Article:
Big business interested as legal marijuana creates jobs
The cannabis legalization trend is creating jobs in states where laws have been relaxed, and big business is "looking into the industry in a big way," an expert told CNBC on Friday.
In a dramatic change in drug policy, the Justice Department said Thursday it won't sue to stop the states of Colorado and Washington from allowing recreational marijuana use.
"It's really the first federal acknowledgement of the failed war on marijuana," said Danny Danko, High Times senior cultivation editor, told "Squawk on the Street" on Friday.
Danko also pointed out that several federal regulations will still be enforced, including interstate transportation, trafficking to minors and proceeds going to criminal organizations. "As long as these companies in Colorado and Washington stay within these parameters, they will not be attacked by the federal government," he said.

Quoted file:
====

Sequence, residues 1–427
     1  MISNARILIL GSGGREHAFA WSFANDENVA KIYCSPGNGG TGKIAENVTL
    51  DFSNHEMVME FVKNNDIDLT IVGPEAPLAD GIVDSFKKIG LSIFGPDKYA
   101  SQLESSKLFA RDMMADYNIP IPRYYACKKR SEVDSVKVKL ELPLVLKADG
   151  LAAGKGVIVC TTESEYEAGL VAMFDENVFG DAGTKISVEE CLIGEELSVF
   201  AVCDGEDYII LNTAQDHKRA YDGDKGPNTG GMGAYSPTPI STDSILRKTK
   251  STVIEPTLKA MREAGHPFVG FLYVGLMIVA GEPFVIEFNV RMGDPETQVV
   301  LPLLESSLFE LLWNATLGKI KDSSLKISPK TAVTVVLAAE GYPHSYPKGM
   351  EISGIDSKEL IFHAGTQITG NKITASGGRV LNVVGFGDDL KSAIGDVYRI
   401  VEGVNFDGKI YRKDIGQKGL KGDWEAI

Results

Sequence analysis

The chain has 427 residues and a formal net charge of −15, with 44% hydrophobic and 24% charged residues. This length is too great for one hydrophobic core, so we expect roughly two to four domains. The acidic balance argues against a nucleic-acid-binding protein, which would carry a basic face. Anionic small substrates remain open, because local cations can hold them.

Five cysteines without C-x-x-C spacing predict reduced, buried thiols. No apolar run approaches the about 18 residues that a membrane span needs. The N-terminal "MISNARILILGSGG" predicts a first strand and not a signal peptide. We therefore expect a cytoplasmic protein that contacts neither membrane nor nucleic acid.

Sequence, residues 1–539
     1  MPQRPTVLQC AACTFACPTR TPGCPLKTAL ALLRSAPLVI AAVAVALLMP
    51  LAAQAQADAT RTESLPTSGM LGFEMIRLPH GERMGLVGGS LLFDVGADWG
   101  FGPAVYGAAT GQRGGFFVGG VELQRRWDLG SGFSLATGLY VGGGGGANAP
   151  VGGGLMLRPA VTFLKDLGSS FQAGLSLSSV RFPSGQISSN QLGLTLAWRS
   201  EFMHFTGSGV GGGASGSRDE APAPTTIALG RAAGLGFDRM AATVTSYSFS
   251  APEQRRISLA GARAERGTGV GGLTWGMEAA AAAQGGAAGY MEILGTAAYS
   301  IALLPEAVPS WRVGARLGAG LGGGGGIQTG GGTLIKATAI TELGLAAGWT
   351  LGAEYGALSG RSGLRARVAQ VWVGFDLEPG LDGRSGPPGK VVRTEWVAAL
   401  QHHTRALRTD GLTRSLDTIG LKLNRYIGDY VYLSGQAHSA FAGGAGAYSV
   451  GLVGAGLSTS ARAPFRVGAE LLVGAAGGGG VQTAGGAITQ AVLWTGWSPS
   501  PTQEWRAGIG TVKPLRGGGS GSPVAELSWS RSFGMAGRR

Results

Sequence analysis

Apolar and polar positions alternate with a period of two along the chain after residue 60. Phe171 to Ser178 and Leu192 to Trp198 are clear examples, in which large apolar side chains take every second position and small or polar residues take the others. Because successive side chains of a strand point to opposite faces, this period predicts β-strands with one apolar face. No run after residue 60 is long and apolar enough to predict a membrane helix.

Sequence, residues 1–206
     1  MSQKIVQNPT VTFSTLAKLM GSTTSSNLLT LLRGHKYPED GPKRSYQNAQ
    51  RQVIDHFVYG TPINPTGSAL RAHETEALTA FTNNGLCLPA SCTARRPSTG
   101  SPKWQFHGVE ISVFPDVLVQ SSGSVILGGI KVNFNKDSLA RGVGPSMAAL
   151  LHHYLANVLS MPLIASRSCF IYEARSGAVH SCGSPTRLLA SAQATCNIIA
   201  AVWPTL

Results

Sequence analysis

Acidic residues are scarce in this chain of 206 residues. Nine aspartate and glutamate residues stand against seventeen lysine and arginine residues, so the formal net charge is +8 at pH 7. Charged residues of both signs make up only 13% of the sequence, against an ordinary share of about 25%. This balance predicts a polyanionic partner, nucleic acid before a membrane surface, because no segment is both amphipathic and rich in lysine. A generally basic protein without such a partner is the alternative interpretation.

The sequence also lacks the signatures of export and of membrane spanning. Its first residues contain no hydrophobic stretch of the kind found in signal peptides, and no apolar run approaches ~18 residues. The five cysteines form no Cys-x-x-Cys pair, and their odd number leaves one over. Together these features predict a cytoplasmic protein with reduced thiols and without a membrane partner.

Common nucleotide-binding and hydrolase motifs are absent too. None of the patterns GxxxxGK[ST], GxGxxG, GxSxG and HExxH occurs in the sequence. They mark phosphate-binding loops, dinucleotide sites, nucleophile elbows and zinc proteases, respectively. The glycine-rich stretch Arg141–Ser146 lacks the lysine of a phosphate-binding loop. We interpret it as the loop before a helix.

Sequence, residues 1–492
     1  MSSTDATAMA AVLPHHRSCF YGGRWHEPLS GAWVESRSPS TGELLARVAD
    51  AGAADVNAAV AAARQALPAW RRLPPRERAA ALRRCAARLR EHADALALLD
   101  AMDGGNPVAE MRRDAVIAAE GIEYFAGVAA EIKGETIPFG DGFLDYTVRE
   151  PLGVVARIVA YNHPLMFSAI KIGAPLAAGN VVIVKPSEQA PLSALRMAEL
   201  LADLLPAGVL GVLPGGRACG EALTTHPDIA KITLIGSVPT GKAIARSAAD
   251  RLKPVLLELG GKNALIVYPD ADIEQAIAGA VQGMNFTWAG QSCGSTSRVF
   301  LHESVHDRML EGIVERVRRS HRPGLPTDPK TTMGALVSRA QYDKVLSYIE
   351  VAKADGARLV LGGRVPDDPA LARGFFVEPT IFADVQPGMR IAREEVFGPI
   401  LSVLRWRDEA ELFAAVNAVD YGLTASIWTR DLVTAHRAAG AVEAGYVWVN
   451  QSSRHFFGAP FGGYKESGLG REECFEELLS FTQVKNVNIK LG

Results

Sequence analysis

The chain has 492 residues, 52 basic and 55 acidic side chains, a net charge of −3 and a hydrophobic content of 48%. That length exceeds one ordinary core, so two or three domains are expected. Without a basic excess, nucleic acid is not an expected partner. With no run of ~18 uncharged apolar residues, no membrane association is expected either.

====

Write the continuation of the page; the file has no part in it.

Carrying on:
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With more than a dozen states allowing marijuana use for medical reasons, "the dominoes are falling very quickly" as more states are considering legalizing recreational use.
Danko said that Washington and Colorado have seen a "tremendous amount" of job creation in the wake of their marijuana initiatives, now that a wide range of industry-related jobs are required to support growing businesses.
Big businesses are "looking into our industry in a big way," Danko said. He expects that when investment from tobacco and pharmaceutical companies begins in earnest, these firms will require the on-the-ground expertise of individuals currently working in the young industry.
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The "end-game" of this regulation trend is a federal rescheduling of cannabis, Danko said. Currently, the drug is listed in Schedule I of the Controlled Substances Act, the most restricted category reserved for substances carrying "no currently accepted medical use." Other Schedule 1 substances include MDMA (ecstacy), heroin and LSD.
The less-strict Schedule 2 substances accepted for medical use include cocaine, opium and PCP.